For the second year in a row, the United States Citizenship & Immigration Service (USCIS) has received more petitions in the opening week of H-1B visa season than the number of visas that are available for the entire year.  This is true of both the “standard” and “U.S. advanced degree” caps.  Consequently: The USCIS will…

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Please Join Us At Pullman & Comley’s April 3rd “Strengthening Your Business With LGBT Diversity” Panel Discussion

On April 3rd, 2014, Pullman & Comley will host a panel discussion on how employers can strengthen their businesses through workplace diversity practices that promote Lesbian, Gay, Bisexual and Transgender (“LGBT”).  While many leading corporations throughout the country recognize employee diversity as a key part of their business strategies, LGBT professionals both in Connecticut and…

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Employee Theft of Employer Documents—Protected Conduct in Opposition to Discrimination or Criminal Activity?

What happens to board of education employees who steal board documents to support a lawsuit against their employer?  In New Jersey, at least, they are criminally prosecuted.  In State V. Saavedra, Docket No. A-1449-12T4 (Dec. 24, 2013)(link), the New Jersey Appellate Division upheld the indictment of a North Bergen Board of Education [“Board”] employee who…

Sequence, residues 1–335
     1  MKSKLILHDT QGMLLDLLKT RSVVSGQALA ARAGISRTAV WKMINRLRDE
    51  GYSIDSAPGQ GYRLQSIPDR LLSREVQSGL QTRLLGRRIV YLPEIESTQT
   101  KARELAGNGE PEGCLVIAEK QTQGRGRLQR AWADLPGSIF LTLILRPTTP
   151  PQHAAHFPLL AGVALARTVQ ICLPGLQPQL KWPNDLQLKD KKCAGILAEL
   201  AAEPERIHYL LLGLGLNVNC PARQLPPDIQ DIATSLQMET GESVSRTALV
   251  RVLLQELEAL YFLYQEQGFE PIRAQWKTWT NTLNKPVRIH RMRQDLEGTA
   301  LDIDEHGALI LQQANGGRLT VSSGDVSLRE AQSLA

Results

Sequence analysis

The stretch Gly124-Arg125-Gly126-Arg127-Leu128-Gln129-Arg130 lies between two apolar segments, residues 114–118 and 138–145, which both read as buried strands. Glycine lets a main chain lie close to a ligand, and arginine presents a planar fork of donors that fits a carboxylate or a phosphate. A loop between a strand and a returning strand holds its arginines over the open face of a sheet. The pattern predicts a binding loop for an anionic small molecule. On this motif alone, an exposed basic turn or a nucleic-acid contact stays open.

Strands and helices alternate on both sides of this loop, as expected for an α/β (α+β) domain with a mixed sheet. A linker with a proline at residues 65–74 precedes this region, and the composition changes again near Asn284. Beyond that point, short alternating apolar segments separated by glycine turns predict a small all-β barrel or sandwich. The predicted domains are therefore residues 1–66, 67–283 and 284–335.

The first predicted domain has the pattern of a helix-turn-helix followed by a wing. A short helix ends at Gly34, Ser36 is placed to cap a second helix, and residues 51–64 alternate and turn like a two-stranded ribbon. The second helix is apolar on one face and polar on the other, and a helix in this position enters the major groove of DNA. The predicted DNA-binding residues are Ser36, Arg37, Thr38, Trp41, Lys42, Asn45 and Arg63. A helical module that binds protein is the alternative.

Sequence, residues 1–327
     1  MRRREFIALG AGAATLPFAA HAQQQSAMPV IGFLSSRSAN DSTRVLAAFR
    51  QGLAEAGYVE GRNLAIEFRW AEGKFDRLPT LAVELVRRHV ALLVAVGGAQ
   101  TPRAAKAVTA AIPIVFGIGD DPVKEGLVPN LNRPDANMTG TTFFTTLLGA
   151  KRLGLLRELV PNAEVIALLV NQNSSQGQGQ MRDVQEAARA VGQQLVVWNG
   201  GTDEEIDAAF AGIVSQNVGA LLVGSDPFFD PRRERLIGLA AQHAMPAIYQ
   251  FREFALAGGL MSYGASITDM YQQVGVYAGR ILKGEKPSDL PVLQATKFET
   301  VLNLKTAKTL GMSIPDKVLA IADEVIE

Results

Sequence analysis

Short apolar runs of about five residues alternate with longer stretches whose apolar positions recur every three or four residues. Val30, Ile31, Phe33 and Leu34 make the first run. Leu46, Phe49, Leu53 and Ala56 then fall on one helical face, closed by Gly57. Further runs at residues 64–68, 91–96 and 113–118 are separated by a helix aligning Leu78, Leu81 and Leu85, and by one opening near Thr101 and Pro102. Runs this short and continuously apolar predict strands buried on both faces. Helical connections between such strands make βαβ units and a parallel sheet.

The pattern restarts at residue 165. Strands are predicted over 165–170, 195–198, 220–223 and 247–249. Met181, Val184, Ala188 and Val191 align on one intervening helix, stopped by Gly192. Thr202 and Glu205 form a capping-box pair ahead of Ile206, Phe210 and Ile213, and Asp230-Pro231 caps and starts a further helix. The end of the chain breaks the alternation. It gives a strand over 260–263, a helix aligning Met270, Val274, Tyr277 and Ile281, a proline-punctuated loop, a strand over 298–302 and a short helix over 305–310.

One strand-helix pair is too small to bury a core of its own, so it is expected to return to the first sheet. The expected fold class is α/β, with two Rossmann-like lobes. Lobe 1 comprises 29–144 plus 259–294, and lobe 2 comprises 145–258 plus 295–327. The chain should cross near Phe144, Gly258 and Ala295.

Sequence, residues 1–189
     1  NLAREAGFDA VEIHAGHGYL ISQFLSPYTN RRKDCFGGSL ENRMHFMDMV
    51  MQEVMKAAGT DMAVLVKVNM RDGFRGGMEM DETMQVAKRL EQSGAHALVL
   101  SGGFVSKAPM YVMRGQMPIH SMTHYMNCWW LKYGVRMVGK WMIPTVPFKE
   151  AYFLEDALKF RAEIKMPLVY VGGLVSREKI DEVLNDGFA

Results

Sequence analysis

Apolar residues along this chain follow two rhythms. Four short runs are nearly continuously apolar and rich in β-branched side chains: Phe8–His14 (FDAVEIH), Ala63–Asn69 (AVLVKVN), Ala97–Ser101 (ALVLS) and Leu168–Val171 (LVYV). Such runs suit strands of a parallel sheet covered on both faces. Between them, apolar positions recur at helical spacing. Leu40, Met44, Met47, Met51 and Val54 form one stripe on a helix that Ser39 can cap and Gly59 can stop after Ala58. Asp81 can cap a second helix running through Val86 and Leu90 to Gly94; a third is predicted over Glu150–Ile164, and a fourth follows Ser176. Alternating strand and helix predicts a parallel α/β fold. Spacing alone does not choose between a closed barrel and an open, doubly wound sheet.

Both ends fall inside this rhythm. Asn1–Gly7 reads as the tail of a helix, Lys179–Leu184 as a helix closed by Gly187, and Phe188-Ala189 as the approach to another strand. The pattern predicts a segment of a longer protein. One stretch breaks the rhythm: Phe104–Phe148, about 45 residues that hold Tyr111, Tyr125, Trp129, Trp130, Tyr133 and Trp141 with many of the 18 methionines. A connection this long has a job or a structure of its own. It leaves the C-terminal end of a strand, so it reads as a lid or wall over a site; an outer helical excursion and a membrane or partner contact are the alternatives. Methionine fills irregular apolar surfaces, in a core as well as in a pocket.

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Revamping Overtime Regulations: No Specifics Yet

President Obama announced this week that he is directing the Secretary of Labor to “modernize and streamline” existing overtime regulations under the Fair Labor Standards Act. He characterized the current regulations as “outdated,” and instructed the Secretary to “consider how the regulations could be revised to update existing protections consistent with the intent of the…

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The Current State of Whistleblower Protections in Connecticut